Can Stock photo##Gladstone s Library in Wales offers lodging for visiting book lovers. It was founded in 1894 by four-time British Prime Minister William Ewart Gladstone, who was eager to share his personal library. The library houses 250,000 printed items, including a renowned collection of theological, historical, cultural and political materials.
Can Stock photo##Gladstone's Library in Wales offers lodging for visiting book lovers. It was founded in 1894 by four-time British Prime Minister William Ewart Gladstone, who was eager to share his personal library. The library houses 250,000 printed items, including a renowned collection of theological, historical, cultural and political materials.

Tom Henderson: Quiet thoughts from a library in Wales

Ronald Reagan frequently referred to America as a shining city on a hill.

He was wrong.

At least he misinterpreted what Puritan leader John Winthrop meant in his 1630 sermon, “A Model of Christian Charity.” Winthrop never used the adjective “shining,” nor did he suggest the newly created American colonies basked in an inherently noble destiny.

In fact, he maintained destiny rested with the colonists themselves. If they failed to live up to the noblest of their Christian ideals, Winthrop warned, their failure would be shamefully conspicuous.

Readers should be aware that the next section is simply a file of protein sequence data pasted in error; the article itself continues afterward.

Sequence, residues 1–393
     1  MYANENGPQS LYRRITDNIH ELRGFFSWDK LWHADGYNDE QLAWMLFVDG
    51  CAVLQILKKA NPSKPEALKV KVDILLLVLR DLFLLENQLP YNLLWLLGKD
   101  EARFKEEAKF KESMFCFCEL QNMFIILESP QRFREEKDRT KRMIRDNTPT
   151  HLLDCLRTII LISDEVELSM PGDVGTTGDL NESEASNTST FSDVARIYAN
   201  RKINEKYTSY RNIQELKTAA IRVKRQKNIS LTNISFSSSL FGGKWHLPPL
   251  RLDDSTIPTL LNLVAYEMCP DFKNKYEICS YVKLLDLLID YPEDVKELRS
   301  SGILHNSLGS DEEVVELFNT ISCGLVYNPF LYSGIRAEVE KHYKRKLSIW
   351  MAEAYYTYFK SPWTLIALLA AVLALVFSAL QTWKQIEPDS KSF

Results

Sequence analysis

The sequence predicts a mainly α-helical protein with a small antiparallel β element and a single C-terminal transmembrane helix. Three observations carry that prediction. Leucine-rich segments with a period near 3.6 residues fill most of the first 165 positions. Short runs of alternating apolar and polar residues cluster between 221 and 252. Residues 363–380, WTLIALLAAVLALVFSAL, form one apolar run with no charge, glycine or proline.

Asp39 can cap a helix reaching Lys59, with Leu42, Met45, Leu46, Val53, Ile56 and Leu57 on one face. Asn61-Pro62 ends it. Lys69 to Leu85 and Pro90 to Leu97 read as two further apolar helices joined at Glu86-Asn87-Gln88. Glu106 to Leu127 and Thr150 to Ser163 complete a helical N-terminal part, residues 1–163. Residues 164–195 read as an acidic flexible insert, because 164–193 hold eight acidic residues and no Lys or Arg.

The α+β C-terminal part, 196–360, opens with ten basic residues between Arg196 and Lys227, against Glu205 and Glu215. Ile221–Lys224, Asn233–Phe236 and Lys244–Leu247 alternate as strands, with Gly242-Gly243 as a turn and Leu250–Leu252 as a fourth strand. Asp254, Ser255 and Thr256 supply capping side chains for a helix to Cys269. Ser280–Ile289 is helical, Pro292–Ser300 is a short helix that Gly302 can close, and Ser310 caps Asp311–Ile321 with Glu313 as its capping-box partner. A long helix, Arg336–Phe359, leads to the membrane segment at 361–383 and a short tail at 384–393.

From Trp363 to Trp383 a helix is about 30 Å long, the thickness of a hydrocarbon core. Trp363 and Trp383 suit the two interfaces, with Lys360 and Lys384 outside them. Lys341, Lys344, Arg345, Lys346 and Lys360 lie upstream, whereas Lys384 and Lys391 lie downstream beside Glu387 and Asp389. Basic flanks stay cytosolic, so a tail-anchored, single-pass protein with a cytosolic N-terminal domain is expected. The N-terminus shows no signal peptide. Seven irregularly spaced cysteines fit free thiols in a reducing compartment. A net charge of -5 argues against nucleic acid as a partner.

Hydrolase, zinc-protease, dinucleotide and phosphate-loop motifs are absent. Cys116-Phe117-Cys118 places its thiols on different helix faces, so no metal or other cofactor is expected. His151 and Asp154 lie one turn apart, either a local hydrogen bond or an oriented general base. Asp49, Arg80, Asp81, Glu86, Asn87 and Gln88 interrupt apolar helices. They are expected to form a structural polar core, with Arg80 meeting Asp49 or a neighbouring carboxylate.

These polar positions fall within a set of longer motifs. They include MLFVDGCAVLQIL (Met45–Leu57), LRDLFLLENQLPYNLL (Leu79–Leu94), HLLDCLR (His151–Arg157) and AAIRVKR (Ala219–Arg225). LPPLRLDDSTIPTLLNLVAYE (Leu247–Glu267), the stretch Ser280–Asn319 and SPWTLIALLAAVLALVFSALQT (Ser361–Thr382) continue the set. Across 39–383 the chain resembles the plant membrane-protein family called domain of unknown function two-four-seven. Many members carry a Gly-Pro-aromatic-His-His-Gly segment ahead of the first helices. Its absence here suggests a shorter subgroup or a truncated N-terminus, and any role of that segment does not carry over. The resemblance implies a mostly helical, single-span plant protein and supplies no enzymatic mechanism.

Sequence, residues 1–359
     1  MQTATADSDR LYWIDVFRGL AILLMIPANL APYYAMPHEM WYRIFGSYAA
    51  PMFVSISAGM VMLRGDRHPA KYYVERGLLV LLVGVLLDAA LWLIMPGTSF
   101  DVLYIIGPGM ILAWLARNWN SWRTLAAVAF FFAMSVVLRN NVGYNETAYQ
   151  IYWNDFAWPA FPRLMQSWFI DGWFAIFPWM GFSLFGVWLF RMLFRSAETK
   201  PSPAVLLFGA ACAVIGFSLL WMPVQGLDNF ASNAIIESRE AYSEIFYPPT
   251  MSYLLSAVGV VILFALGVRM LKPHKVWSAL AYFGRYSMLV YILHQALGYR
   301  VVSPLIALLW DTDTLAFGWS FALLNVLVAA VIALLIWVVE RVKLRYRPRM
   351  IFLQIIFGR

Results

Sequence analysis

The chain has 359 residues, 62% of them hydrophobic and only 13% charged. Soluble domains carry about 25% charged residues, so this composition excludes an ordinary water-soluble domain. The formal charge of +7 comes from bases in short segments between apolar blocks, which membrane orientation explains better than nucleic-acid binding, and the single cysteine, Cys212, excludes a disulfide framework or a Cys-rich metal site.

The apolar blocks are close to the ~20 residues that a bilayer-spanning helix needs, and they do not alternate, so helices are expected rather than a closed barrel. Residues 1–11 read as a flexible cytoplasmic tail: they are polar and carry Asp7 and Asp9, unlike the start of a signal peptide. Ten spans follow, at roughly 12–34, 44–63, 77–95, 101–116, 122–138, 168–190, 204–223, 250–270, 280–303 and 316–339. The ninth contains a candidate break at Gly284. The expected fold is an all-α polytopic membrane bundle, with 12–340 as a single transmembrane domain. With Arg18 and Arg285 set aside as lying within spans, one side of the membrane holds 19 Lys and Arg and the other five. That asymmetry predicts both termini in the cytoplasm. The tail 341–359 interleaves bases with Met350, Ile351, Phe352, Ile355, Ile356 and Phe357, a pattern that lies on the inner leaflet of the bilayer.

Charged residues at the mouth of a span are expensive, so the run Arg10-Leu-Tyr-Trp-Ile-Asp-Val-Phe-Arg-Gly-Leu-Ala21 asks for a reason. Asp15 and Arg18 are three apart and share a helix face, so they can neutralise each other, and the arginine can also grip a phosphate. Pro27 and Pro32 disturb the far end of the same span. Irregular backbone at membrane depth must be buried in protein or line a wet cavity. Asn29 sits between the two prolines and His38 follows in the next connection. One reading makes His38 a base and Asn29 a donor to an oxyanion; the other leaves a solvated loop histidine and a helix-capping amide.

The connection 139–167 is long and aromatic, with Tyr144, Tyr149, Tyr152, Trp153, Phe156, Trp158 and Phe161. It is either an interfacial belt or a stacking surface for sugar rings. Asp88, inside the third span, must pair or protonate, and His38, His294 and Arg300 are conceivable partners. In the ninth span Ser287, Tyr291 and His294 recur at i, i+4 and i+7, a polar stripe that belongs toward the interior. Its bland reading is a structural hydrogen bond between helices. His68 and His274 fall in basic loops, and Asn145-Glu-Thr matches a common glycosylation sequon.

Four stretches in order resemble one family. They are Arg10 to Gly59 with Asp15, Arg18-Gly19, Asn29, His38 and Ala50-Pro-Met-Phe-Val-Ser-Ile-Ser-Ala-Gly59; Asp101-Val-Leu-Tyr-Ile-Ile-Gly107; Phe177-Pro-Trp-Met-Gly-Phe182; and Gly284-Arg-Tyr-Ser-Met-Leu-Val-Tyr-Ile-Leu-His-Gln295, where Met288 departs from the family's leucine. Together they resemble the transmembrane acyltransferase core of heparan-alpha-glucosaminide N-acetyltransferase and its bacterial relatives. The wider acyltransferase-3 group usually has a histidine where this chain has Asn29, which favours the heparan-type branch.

They would be as a city upon a hill, their disgrace and ruin visible to all. “We shall be made a story and a byword through the world,” he cautioned.
Therefore, Winthrop said, “We must love brotherly without dissimulation. We must love one another with a pure heart fervently. We must bear one another’s burdens. We must not look only on our own things, but also on the things of our brethren.”

How does that philosophy match with rounding up millions of people, breaking up families and throwing out immigrants — even those who came to this country as children? How does that fit with building walls and rejecting refugees?

The eyes of the world are definitely on this city upon a hill. And many people want to know what has become of it.

That was certainly the prevailing question as I recently sat in a reading room at Gladstone’s Library in Wales. But neither my British hosts nor fellow guests at the library acted sanctimonious.